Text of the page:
The album was released late last year in tandem with another solo record, "I'm Gonna Cheat As Much As I Can". The two albums, when taken together, reveal the breadth of Blackie's pop smarts, the quirkier and heartbroken ends of which can both be heard in "What The Fuck Should I Be Thinking".
The film clip was co-directed by Jonathan Sequeira (director of the acclaimed Radio Birdmandocumentary "Descent Into the Maelstrom") and his partner in Cheap Music Videos, Wade Jackson. When asked to comment about the video, Jonathan said:
"‘I thought Blackie was joking when he told me about wanting to do the pec dance. But he got it one take so we knew he’d been practising in front of the mirror’.
“That is actually true, but probably not the quote you want.How about:
"'It was great to work with Peter, one of Australia’s best songwriters, and I love the new albums so was keen to do a video. He had a simple idea and really let me run with it, which wasn’t difficult because he gave such a great performance, and it was a lot of fun shooting it.'"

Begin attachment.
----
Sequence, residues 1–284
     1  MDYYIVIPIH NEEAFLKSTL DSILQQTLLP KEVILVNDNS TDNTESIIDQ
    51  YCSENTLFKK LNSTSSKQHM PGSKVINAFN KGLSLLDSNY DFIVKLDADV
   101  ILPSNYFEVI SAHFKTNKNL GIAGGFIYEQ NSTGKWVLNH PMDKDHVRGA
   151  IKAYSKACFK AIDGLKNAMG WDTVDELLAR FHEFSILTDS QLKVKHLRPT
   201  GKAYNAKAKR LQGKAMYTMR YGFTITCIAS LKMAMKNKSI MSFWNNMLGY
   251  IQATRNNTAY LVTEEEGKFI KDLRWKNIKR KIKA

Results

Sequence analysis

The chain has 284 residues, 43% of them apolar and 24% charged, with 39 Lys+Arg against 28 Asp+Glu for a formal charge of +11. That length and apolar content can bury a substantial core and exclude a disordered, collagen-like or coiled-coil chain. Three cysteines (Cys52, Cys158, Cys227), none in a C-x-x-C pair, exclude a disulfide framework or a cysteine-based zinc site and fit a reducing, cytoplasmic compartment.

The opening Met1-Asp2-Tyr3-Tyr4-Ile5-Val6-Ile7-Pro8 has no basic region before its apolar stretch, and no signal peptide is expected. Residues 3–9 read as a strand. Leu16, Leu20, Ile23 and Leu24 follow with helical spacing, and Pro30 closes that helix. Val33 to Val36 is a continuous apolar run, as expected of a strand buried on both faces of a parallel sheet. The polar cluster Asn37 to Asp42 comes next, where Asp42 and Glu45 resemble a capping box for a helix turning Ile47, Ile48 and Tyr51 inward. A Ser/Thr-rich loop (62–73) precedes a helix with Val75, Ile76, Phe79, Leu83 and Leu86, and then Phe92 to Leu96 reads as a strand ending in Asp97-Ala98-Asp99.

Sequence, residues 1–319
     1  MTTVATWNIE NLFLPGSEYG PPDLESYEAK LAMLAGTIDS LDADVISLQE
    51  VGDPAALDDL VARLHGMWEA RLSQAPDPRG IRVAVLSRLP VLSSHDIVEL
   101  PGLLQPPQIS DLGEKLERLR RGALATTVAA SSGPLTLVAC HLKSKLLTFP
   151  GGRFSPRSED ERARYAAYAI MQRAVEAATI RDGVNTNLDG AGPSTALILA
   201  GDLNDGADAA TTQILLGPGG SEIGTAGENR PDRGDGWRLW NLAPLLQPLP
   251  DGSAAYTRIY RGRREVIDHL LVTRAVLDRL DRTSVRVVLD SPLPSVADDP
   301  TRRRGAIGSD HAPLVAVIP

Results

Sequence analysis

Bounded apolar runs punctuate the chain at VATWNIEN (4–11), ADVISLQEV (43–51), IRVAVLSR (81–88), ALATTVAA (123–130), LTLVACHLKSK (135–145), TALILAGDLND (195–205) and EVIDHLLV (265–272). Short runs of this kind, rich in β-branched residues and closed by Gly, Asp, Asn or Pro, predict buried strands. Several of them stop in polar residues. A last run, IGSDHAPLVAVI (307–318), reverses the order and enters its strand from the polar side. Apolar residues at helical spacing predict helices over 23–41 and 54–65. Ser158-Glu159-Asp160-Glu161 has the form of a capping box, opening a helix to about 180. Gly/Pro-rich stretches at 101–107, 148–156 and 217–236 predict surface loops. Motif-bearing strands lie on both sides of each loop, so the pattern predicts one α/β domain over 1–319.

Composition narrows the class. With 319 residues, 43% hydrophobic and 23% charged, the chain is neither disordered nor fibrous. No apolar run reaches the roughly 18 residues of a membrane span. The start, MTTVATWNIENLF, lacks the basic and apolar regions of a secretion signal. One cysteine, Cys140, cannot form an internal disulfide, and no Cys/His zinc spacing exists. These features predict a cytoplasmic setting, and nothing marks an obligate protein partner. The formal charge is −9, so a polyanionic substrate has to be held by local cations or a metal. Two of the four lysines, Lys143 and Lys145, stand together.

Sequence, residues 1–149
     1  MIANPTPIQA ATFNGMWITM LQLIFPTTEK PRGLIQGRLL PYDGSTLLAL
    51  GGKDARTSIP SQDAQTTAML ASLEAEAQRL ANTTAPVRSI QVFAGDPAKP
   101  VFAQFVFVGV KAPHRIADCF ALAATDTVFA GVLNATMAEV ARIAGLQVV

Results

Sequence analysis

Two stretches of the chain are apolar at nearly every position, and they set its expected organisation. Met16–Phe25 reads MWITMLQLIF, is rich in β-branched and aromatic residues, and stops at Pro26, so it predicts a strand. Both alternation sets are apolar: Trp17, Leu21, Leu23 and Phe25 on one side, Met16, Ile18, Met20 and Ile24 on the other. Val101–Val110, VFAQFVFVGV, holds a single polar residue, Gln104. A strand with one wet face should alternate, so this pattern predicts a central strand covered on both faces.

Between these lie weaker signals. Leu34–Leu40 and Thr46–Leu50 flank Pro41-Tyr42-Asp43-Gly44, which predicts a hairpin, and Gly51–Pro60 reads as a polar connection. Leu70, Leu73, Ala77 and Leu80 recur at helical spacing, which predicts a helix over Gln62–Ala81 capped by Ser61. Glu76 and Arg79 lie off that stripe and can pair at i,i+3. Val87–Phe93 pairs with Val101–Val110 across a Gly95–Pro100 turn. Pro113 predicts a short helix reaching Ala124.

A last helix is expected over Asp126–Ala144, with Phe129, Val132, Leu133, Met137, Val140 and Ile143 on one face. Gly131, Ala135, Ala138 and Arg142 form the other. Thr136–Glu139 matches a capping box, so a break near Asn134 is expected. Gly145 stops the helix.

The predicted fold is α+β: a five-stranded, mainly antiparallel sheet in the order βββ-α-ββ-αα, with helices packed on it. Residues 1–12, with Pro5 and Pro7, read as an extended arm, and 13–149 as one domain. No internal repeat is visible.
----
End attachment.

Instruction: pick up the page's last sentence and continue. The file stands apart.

I first saw Blackie when I was 16. It was the Hard-Ons’ 21st birthday tour, and I was stuck in Coolangatta, a long way from home. I knew nothing of the band but the name intrigued me so I went along. To this day it’s one of my top five gigs.
Hit after hit of pop punk brilliance, and for me the Hard-Ons are the gold standard in the genre. And here was guitarist Blackie, who combined metal style shredding with fast three chord punk rock playing. My tiny mind was blown.
Since then Peter Black has launched a solo career. 2020 marks the release of his sixth and seventh solo offerings. One electric, one acoustic. Aside from being one of the country’s best guitarists, Blackie’s solo work proves what a beautiful songwriter he is. The man can do no wrong